We also create a function and use it as a parameter for the 'createServer' function. This is quite a standard thing to do in JavaScript because functions can be parameters just like variables and objects can be. What's going to happen is that every time our server receives and new connection on port 8080 it's going to run our function we gave it. Interestingly the function we are passing to it is called an anonymous function, and it's called this because we don't give it a name.

You might have noticed our anonymous function takes two parameters, 'request' and 'response'. These parameters get passed to our anonymous function by the HTTP server when it receives a new connection. They are both objects which we can use in our response to the incoming request.

You notice the first thing we do is call the 'writeHead' function this lets us set the HTTP status as the first parameter and send some response headers as a second parameter. We're setting status code 200 which is telling our web browser everything's OK and we're also passing it a 'Content-Type' header which lets our browser know what we're sending it. In our case it's just plain text.

Next we're using the response object to write our 'Hello World'. We do this by simply calling it's write function and passing it our text. At this point we're done with our response so we tell the response object by calling its 'end' function.

Making our response more interesting

Hello world is pretty boring so let's do something a little more entertaining. We can create a user counter very easily in Node.js and we don't even need to use a database like we might do in PHP.

Create a new JavaScript file called, 'counter.js' and type the following:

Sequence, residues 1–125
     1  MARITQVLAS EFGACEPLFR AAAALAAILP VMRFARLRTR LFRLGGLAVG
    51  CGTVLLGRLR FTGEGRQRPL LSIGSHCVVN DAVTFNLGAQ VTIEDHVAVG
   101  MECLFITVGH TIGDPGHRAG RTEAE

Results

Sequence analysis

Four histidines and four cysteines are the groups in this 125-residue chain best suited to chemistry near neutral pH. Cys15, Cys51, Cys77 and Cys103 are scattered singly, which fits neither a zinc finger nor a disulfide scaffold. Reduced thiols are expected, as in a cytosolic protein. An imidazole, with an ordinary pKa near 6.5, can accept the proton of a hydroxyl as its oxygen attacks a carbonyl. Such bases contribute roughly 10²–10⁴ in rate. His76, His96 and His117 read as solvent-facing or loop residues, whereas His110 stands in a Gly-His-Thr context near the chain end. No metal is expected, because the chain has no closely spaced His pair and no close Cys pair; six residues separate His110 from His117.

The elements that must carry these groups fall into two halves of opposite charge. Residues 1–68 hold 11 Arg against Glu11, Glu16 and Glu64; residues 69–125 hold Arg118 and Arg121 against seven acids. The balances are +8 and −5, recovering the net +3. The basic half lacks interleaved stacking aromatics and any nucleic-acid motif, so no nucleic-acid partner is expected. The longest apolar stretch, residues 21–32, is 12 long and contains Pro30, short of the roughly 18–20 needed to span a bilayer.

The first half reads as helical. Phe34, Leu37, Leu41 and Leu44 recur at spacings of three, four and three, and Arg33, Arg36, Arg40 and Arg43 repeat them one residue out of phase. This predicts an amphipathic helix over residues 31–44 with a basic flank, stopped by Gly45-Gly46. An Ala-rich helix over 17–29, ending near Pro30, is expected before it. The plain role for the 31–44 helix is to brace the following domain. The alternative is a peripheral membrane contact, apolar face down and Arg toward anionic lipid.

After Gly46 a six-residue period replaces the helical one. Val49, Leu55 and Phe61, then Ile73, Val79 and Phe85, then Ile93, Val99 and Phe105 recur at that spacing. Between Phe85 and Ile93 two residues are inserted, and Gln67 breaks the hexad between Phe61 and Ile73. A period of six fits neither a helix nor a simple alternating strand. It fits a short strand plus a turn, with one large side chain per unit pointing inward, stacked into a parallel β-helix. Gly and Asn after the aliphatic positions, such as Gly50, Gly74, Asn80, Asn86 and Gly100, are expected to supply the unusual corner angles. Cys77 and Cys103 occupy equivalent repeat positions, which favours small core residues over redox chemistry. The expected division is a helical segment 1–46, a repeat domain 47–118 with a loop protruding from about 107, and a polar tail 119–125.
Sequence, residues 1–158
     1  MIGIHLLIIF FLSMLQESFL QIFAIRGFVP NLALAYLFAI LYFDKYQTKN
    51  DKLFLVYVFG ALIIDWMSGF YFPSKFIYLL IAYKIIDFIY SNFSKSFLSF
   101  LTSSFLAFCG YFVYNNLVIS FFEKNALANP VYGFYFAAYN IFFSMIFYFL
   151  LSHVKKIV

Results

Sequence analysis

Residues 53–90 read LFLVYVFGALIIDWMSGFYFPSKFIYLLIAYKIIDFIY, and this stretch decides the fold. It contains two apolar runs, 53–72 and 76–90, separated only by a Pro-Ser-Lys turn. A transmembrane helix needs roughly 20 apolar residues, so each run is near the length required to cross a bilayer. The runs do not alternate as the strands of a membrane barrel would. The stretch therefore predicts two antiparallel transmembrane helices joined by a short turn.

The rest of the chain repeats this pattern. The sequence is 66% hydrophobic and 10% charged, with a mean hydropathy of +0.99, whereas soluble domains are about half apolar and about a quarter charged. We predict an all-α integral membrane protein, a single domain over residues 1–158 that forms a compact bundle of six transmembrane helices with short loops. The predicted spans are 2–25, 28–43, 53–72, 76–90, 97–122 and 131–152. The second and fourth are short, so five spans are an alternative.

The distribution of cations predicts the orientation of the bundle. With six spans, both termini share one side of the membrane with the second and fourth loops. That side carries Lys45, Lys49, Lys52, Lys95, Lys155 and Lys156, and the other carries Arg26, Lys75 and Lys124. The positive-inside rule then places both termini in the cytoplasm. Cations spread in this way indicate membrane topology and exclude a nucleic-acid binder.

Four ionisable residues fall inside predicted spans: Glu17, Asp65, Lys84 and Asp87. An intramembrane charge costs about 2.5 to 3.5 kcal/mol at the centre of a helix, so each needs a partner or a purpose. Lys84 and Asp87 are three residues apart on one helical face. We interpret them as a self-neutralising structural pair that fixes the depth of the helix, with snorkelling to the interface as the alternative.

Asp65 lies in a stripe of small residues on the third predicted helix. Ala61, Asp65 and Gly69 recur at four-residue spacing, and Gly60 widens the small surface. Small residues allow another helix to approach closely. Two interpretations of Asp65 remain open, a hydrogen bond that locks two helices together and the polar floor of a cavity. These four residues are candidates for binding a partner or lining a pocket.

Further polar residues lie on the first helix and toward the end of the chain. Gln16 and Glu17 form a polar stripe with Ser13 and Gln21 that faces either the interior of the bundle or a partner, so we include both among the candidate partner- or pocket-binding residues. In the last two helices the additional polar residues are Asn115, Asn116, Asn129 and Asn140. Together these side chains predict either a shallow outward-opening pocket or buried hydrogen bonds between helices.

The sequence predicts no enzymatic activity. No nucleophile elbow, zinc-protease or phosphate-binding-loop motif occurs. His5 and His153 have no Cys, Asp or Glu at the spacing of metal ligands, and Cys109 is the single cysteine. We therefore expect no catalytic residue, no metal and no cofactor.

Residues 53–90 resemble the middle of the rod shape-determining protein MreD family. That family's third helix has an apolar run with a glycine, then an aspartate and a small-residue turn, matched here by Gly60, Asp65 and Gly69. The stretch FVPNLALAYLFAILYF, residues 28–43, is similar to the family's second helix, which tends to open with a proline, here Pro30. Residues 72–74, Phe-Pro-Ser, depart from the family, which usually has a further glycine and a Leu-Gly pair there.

var http = require('http');

var userCount = 0;
http.createServer(function (request, response) {
    console.log('New connection');
    userCount++;

    response.writeHead(200, {'Content-Type': 'text/plain'});
    response.write('Hello!\n');
    response.write('We have had '+userCount+' visits!\n');
    response.end();
}).listen(8080);

console.log('Server started');

Now let's run it with the command,

node counter.js


When you navigate your browser to 'http://localhost:8080' you should now get a view counter.

Note: You might see the counter going up by two for each request, this is because your browser is requesting the favicon from the server (http://localhost:8080/favicon.ico).
You should also see that Node.js is logging each request it receives to the console.

The main thing we're doing here is setting a 'userCount' variable and incrementing on each request. We're then writing the 'userCount' in the response text.

In PHP to do the same thing you would need to save the information to something like a text file or database.

This tutorial is also avalible in Chinese: http://www.laonan.net/blog/63/
Thanks to laonan for the translation

If you liked this tutorial check out part 2, Node.js for beginners - Callbacks

Author

Lee JacobsonHello, I'm Lee.
I'm a developer from the UK who loves technology and business. Here you'll find articles and tutorials about things that interest me. If you want to hire me or know more about me head over to my about me page